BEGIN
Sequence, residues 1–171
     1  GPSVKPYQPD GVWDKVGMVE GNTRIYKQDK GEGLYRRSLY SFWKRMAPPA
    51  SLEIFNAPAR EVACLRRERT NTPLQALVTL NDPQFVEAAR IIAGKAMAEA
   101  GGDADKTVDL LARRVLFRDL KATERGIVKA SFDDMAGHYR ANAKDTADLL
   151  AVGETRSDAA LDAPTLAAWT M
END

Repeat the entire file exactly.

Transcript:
Sequence, residues 1–171
     1  GPSVKPYQPD GVWDKVGMVE GNTRIYKQDK GEGLYRRSLY SFWKRMAPPA
    51  SLEIFNAPAR EVACLRRERT NTPLQALVTL NDPQFVEAAR IIAGKAMAEA
   101  GGDADKTVDL LARRVLFRDL KATERGIVKA SFDDMAGHYR ANAKDTADLL
   151  AVGETRSDAA LDAPTLAAWT M